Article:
"You're not weird Alexandra." Dr. Aaron said with a voice that sounded like my mothers. She reached forward and put her hand on my knee. I flinched a little at the sudden contact but I didn't pull away. "Being different is nothing to be ashamed of."

"Yeah. But it would be easier if I was like everyone else." I said. I was surprised that I had opened up so much; even that little bit of information was a lot for me. She wasn't a complete stranger, but she wasn't someone that I knew too well yet. I didn't open up to anyone, except for my mom. I was a mysterious enigma to all around me, and no one seemed to actually care. Except for Dr. Aaron. Something about her, it made me want to trust her.

"But how boring would that be?" She replied with a grin. "Nobody likes a clone Alexandra."

"It's Alex." I told her without hesitation. She seemed surprise by my answer. "You can call me Alex."

"Well Alex." She said, like she was testing the new found name on her tongue. "It looks like our time is up."

I looked to my watch and saw that we had actually gone over five minutes. I had never let that happen. I looked back up to her and she smiled again. I nodded and picked up my bag, slinging it onto my shoulder. She followed me out of her office and stopped me before I got out the door.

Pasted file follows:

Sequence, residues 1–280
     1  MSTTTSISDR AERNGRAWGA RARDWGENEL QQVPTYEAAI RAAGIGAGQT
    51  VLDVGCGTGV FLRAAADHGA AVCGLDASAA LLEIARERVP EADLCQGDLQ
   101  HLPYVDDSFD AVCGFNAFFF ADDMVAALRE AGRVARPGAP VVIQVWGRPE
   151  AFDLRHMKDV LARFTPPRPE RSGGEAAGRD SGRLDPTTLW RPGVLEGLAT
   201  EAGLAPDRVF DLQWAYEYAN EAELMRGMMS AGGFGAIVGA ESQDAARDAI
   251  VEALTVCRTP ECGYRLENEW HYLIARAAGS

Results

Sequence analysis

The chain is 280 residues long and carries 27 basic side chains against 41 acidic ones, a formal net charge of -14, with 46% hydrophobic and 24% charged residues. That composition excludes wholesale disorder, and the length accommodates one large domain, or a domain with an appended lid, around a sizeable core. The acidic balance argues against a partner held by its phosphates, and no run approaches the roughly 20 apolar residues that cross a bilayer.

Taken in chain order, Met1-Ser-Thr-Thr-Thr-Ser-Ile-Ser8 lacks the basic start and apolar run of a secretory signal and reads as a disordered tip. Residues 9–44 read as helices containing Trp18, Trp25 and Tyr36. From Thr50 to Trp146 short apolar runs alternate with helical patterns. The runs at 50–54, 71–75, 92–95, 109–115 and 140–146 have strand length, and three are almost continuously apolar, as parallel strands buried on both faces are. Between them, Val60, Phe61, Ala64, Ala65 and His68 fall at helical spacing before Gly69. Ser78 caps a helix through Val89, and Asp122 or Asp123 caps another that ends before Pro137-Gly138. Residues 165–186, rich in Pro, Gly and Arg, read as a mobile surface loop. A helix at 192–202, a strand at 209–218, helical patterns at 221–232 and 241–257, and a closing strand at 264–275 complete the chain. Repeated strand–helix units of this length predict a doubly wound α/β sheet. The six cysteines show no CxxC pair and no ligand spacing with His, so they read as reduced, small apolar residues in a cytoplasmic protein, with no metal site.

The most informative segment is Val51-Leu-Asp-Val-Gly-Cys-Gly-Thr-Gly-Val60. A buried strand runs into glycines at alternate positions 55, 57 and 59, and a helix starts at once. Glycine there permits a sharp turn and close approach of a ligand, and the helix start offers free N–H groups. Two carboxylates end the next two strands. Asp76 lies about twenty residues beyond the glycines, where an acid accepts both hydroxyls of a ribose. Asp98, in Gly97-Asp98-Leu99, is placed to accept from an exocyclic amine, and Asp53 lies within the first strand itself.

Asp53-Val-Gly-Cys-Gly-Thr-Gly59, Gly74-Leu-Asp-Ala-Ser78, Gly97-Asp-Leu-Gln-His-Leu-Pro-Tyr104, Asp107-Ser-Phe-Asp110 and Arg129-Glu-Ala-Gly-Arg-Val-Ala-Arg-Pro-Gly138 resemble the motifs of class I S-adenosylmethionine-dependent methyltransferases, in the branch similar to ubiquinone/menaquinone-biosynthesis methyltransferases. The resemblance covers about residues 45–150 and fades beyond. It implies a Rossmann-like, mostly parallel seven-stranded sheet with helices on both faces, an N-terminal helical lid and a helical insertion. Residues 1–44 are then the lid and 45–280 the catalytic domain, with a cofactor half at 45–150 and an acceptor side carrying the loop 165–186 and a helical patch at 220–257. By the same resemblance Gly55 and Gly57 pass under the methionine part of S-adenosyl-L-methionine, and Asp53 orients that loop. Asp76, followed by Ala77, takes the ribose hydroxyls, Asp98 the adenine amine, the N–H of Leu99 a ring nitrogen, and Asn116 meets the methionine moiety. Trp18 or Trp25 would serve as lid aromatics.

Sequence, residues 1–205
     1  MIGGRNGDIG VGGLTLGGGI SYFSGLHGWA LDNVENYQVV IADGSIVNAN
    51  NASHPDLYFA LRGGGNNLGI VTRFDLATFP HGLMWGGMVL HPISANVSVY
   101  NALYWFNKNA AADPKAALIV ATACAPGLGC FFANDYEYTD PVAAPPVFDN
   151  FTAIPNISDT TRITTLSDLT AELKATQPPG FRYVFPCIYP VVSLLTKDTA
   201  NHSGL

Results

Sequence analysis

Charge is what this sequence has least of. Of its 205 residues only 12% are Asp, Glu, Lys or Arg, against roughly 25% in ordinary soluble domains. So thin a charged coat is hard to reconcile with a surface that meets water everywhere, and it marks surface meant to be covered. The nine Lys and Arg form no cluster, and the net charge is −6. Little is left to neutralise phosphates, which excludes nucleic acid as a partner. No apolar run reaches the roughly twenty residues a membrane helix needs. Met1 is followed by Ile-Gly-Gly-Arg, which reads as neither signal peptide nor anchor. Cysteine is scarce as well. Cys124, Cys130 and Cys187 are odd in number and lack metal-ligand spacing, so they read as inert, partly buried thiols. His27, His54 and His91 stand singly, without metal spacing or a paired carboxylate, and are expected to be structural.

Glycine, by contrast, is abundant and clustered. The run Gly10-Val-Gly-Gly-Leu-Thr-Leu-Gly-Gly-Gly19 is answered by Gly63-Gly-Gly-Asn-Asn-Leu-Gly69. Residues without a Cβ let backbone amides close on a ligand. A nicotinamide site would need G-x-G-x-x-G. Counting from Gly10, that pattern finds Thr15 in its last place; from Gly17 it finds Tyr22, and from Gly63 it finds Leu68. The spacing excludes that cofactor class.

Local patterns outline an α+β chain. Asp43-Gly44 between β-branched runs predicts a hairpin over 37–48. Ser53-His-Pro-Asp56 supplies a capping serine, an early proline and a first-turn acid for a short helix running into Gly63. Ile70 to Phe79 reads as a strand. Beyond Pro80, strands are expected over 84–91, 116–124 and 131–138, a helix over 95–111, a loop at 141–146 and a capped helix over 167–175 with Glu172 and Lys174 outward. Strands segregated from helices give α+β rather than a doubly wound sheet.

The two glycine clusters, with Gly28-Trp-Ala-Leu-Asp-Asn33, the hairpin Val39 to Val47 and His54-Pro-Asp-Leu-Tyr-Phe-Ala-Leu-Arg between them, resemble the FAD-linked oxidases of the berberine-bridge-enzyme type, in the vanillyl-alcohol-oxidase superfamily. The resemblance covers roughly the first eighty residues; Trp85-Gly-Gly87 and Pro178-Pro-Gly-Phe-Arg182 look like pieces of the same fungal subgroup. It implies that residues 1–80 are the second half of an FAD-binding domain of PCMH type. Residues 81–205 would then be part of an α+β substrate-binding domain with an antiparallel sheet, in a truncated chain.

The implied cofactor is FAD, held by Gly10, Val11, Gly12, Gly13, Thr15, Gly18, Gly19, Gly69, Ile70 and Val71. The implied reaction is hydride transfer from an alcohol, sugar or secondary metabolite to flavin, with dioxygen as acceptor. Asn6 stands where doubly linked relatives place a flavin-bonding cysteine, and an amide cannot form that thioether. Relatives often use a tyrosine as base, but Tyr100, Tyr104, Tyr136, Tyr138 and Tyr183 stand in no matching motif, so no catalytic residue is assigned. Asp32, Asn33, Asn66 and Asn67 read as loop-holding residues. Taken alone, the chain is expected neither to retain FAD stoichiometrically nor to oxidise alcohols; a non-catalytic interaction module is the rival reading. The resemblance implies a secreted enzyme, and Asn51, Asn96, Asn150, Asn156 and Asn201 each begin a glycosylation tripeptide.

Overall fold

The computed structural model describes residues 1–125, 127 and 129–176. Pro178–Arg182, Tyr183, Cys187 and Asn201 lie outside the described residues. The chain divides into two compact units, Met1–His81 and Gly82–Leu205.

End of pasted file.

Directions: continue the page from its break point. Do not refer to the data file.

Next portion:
"If you need me at all…" She said, trailing off as she gave me her card. It had a personal cell phone number on it. She didn't finish her sentence before she turned and went back into her office. I watched her and stayed where I was until her door was shut. I debated on throwing the card away, but I begrudgingly shoved it in my bag. I couldn't blame the woman for doing her job.

I shoved hard on the glass door and let the sunlight pour into the building. I squinted as its bright beams assaulted my eyes and warmed my skin. I was wearing so many layers; I probably should have been sweating. But I didn't mind. The summer heat would be gone before Mystic Falls knew it. I might as well enjoy it.